“We can openly and honestly criticize each other’s thoughts, ideas, and interpretations of data. This approach allows us to think more expansively without always having to self-edit our thoughts.”

Dr. Helen Hobbs

Although she doesn’t recall the moment, Dr. Hobbs remembers the feeling of inevitability.

“It seemed like a natural progression after sitting in the same room together writing the Dallas Heart Study grant. It was clear to me from that experience that we were better together than apart,” she explains. In 2000, they created the Hobbs-Cohen lab.

“I am more extroverted, and he is more of an introvert. I am very focused in my interests and in where I want to take our science. He is interested in everything. He is more of a scholar in the academic tradition than I am. Jonathan is an exceedingly calm, measured, and patient man. I am not such a woman,” says the gregarious Dr. Hobbs.

“Helen is very intuitive and arrives at things very quickly. She can see end goals when they are still murky for me,” Dr. Cohen says. “I’m analytical, I like to frame my thoughts in a step-by-step process. These are really generalizations. There are many instances where Helen is systematic and will find holes in my thought process. It’s not all or none, it’s a tendency.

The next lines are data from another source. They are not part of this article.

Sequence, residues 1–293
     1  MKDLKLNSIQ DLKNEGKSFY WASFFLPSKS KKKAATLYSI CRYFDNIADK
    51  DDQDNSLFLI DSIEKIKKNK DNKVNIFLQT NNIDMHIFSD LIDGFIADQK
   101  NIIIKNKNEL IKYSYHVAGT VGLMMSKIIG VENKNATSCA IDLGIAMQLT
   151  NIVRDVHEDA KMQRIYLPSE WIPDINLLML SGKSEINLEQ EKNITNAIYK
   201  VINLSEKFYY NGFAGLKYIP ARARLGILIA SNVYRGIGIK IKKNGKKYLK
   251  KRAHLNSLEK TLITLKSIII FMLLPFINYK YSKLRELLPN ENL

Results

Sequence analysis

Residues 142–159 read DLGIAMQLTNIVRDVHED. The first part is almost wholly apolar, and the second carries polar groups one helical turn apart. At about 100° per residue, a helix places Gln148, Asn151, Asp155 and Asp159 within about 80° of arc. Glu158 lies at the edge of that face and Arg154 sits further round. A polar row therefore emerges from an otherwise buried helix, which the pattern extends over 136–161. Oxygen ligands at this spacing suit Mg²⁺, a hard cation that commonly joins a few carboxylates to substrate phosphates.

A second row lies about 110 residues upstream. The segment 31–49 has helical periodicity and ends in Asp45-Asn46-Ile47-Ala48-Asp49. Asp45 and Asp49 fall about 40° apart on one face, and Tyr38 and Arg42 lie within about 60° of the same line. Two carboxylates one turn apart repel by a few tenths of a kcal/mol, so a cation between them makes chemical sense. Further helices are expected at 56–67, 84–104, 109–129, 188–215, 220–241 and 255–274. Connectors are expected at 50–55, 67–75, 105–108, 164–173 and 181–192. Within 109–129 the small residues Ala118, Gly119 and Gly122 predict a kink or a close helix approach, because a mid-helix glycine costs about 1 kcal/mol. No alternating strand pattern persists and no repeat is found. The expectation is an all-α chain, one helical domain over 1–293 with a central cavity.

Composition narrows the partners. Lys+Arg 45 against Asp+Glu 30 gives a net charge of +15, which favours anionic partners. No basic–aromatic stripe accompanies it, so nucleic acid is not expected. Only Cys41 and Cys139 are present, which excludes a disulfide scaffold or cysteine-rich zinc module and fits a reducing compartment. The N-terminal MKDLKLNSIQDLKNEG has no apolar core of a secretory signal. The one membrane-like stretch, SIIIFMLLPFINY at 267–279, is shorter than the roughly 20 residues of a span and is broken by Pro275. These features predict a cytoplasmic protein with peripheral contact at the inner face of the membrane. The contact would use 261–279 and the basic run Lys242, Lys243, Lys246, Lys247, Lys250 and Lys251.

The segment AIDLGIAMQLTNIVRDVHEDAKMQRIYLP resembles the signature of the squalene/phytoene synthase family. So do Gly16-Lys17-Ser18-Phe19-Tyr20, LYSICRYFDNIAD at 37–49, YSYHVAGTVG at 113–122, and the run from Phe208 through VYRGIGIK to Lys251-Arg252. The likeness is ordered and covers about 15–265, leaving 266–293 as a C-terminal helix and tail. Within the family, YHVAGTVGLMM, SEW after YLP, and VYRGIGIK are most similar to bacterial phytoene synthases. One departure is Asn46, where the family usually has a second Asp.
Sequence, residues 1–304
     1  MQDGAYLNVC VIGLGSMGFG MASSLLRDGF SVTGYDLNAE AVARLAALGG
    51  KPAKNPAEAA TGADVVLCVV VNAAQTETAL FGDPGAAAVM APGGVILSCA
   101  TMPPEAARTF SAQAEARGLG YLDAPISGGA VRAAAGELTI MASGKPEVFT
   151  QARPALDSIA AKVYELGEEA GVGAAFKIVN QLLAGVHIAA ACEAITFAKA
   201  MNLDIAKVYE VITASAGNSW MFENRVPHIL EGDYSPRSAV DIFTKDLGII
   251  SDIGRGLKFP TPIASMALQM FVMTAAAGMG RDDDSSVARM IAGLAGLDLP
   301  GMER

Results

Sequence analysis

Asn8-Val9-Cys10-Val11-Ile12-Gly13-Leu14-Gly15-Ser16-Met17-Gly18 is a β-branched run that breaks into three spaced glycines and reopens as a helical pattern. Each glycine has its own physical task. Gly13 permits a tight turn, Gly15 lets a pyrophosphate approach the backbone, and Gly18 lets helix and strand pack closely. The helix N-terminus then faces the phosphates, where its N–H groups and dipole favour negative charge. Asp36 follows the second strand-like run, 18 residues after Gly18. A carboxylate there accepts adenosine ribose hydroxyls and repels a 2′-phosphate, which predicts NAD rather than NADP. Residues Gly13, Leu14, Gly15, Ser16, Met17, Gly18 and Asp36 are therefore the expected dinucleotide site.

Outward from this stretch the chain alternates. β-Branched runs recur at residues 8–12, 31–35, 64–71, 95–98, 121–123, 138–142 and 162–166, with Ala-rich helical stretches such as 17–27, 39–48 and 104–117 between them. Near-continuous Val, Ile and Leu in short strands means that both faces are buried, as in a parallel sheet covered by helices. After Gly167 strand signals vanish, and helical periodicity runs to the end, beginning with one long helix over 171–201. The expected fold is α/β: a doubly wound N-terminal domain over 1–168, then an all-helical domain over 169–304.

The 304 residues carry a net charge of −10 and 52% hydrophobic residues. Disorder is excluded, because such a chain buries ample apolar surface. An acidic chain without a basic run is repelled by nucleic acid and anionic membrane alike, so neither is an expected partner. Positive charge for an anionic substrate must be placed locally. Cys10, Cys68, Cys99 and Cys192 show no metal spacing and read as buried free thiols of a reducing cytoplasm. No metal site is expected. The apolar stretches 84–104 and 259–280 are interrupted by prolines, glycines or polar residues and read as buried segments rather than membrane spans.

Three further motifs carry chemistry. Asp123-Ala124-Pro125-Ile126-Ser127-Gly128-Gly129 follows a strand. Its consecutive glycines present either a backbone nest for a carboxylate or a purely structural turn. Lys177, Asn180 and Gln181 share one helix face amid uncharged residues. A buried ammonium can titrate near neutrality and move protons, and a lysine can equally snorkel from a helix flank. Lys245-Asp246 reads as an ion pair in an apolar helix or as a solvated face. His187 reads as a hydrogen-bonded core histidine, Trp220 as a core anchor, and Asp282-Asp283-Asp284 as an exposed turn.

“Helen’s design and running of the DHS is as logically consistent as they come: her saying, ‘What would the best study be and how will we get there?’” he adds.

Dallas Heart Study findings

In 2006, the Hobbs-Cohen lab reported that mutations inactivating PCSK9 conferred protection from heart disease. They also identified an African-American mother and aerobics instructor who had two rare genetic mutations in PCSK9 that resulted in strikingly low blood levels of artery-clogging LDL cholesterol. They noted that exhaustive medical testing in their lab at the McDermott Center had turned up no ill effects from living without PCSK9 (proprotein convertase subtilisin-like kexin type 9).

Their reports are widely credited with providing the scientific basis for what became a race among drug companies to develop PCSK9 inhibitors as cholesterol-lowering drugs. The drugs are targeted to patients unable to tolerate statins or those whose LDL blood levels remain above goal despite other treatments.

It also marked a case of lightning striking twice. Dr. Hobbs was learning bench science in the joint laboratory of Dr. Michael S. Brown and Dr. Joseph L. Goldstein when the two shared the 1985 Nobel Prize in Physiology or Medicine for their work on the LDL receptor, widely hailed as providing the scientific underpinning for development of the statin class of cholesterol-lowering drugs.

Slides of fatty liver disease